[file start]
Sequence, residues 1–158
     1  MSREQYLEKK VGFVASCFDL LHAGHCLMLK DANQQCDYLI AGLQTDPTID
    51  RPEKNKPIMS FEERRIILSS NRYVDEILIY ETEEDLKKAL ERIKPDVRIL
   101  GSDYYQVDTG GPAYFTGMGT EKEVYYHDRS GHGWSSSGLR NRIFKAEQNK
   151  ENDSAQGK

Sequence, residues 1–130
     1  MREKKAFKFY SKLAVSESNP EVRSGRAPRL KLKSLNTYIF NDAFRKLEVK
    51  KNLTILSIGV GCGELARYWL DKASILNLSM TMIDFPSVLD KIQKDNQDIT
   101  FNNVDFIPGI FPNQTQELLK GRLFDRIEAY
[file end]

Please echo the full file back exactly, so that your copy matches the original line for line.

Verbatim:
Sequence, residues 1–158
     1  MSREQYLEKK VGFVASCFDL LHAGHCLMLK DANQQCDYLI AGLQTDPTID
    51  RPEKNKPIMS FEERRIILSS NRYVDEILIY ETEEDLKKAL ERIKPDVRIL
   101  GSDYYQVDTG GPAYFTGMGT EKEVYYHDRS GHGWSSSGLR NRIFKAEQNK
   151  ENDSAQGK

Sequence, residues 1–130
     1  MREKKAFKFY SKLAVSESNP EVRSGRAPRL KLKSLNTYIF NDAFRKLEVK
    51  KNLTILSIGV GCGELARYWL DKASILNLSM TMIDFPSVLD KIQKDNQDIT
   101  FNNVDFIPGI FPNQTQELLK GRLFDRIEAY